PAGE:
What should you do next in your marathon training? – Part 2

By now you’ve had a few days to let the dust settle on the news that your spring marathon has been postponed. Instead of being disappointed focus on the second chance and golden opportunities you’ve been given.

As a former elite athlete and GB marathon runner here’s my view on how to make the best of them both.

Don’t see setbacks – See golden opportunities!

As you progress to the higher levels in sport you realise that the psychological element of performance is as important as the physical. All elite athletes train hard. What sets champions apart from the rest is not just their technical brilliance and physical ability. More often it’s their positive mental approach – both in training and competition.

As well as being an athlete my professional background is as a mental health social worker. Many of the techniques I learnt in Anxiety Management and Cognitive-Behavioural Therapy transfer well to coaching. The ability to recognise and challenge your negative thought processes can help overcome setbacks in running too.

There’s no bigger setback than the cancellation of your marathon weeks before you were due to toe the line. It’s totally acceptable to feel cheated, angry, frustrated and disappointed. However, you can also choose to see the golden opportunities this presents. A second chance to do it better.

Were you injured or nurturing some persistent niggles?

Marathon training is hard. It’s not uncommon at this stage of marathon training to have picked up some persistent niggles or worse, major injuries.

There’s nothing more miserable than trying to keep running when you are unable to move freely or worse, in pain. Even small but persistent niggles can severely hamper your training. With a big goal on the horizon we find it difficult to accept that we need to stop.

Now this is your second chance. There’s absolutely nothing to be gained from limping on. Use this time wisely. Rest fully and allow any injuries or niggles to properly recover before you start running again.

If you keep doing the same thing don’t be surprised when you get the same results

The well-known quote (probably misquoted here) is very true for marathon runners.

The definition of insanity is doing the same thing over and over again
and expecting a different result.

There are two stages to recovery from injury. Rest and rehab. They are equally important. Too often we do the first but forget the second. That’s why you find your injury frustratingly recurs within weeks of getting back to running.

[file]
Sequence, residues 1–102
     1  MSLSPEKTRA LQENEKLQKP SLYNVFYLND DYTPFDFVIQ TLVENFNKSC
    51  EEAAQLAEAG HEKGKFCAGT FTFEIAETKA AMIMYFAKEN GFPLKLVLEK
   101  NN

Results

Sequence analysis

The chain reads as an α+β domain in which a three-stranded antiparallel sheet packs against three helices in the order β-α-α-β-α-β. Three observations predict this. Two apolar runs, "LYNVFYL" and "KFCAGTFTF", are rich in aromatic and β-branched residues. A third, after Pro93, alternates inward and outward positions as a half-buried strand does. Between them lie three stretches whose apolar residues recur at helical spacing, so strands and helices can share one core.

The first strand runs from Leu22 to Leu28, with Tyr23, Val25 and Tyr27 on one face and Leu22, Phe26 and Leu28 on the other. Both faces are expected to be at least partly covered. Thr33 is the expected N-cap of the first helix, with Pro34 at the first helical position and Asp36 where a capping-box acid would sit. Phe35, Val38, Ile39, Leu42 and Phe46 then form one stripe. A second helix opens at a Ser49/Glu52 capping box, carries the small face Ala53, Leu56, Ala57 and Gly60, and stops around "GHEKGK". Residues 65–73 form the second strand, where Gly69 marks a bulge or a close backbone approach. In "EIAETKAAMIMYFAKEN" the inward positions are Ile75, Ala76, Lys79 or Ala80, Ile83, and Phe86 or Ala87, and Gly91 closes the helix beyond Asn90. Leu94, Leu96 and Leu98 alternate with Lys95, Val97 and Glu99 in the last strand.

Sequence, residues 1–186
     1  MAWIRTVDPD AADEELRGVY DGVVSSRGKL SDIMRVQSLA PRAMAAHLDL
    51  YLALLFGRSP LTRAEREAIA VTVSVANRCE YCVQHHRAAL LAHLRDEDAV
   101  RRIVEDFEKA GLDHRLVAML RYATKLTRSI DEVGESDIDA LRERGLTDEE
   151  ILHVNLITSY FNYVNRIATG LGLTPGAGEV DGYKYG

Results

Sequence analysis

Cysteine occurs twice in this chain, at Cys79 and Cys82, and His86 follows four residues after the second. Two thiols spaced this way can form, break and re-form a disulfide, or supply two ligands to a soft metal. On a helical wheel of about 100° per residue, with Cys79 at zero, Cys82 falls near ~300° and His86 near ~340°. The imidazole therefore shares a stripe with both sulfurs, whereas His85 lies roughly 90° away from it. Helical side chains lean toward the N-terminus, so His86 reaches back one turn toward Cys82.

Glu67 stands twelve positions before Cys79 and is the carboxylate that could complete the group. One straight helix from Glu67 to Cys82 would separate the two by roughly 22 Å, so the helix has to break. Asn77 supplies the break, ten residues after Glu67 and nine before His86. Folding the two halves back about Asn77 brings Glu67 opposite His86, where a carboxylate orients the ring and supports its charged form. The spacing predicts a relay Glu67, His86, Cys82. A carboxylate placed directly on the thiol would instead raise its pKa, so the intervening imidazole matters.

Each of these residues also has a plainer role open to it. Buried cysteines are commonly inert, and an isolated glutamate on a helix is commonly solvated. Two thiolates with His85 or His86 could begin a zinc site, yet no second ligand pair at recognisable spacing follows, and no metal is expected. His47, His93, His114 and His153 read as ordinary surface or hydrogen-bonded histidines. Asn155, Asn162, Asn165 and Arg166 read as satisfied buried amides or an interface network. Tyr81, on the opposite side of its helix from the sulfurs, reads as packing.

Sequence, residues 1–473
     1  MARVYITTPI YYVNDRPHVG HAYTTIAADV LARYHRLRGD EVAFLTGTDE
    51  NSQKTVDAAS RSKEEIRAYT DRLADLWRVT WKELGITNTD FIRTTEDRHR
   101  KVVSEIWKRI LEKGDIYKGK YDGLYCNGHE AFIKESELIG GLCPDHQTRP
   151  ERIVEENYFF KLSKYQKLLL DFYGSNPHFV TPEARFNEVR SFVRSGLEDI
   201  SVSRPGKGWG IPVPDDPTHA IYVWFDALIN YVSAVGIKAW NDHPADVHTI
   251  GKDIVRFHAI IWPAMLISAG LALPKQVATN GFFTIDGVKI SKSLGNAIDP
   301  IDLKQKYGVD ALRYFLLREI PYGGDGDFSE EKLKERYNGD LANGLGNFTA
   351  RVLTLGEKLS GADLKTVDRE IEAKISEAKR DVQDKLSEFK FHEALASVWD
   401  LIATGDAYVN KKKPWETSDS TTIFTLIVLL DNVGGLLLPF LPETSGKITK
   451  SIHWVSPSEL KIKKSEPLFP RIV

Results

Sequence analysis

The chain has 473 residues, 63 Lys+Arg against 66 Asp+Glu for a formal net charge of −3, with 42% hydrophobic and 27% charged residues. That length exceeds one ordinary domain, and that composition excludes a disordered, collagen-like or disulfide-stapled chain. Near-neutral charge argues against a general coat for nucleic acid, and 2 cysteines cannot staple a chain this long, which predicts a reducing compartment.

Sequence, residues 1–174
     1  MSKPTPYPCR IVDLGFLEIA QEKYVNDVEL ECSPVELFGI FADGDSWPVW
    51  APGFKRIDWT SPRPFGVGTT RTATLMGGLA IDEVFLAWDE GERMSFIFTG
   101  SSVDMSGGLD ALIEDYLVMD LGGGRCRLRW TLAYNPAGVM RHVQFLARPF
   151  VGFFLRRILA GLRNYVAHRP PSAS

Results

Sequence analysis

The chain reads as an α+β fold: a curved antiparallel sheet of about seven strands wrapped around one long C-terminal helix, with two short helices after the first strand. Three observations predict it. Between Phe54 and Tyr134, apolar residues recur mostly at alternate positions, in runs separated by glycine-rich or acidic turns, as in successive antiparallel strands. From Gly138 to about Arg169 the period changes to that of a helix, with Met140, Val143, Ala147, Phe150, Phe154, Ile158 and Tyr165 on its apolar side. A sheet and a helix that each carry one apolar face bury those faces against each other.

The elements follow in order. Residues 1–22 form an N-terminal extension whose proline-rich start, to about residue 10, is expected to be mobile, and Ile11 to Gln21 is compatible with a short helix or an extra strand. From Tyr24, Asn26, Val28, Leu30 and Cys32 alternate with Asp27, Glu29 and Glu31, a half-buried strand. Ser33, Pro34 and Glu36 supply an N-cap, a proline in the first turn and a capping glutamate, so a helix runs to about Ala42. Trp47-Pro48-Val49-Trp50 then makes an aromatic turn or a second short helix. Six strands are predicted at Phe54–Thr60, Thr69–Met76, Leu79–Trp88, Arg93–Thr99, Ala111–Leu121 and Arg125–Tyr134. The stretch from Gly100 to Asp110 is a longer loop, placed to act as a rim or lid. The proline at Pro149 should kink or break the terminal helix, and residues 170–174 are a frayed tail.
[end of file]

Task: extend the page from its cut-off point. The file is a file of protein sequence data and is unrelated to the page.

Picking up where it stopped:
Rehab has two distinct stages. The return to running and the return to training. Remember after any injury the first few sessions must be focused on rehab NOT training.

Most importantly, you need to ensure your injury doesn’t come back. During the rehab phase make sure you also follow a good strength and conditioning programme to address the weaknesses that caused the injury in the first place.

What if I was injury-free and running well?

Prevention is always better than cure.

In the depths of marathon training it can be challenging to find the time and energy to focus on strength and conditioning. Most of us choose to prioritise running instead. This is your golden opportunity to do it better this time.

The key to good marathon training is consistency. To run consistently you need to be injury-free. Strength and conditioning exercises play a key role in minimising injury.

Does the new coronavirus advice mean you are working from home instead of commuting to and from work? If so, then you have no excuses. You probably now have an extra hour (or more) each day which you previously spent commuting. Use this extra time wisely to develop your new running-focused strength and conditioning routine.

What makes a good running strength and conditioning programme?

A good programme will focus on prevention of the most common running injuries. These include knee problems, shin splints, Achilles tendonitis and plantar fasciitis.

Your programme should include exercises to develop a strong core for better posture and overall greater stability and control. This also enables you to hold a neutral pelvis position whilst you run. As a result you can engage your gluteal muscles more effectively.

Next strengthening your gluteal muscle group means they can provide better stability and control over your knees and lower leg. This helps protect you from many of the common running injuries caused by collapsing through your hip and knee.

By strengthening your lower leg muscles (in particular your calf muscles) you protect your Achilles tendon and support your shins too. Finally, paying attention to your feet helps to minimise the excessive strain caused by collapse through your foot.

Looking back over my running career I realise how much unnecessary time and fitness was lost to injury caused by paying insufficient attention towards strength and conditioning. If only I had this second chance then. So make sure you take yours now!

What’s next?

This lead us nicely onto the final two questions

3. What was your weekly mileage over the last 3-4 weeks?

4. What was the length of your longest run?

In Part 3 I’ll look at how the answers to these questions help you plan your next cycle of marathon training. If you would like help with your running especially to minimise injuries go to my Individual and Bespoke Coaching pages to find out more about my coaching packages.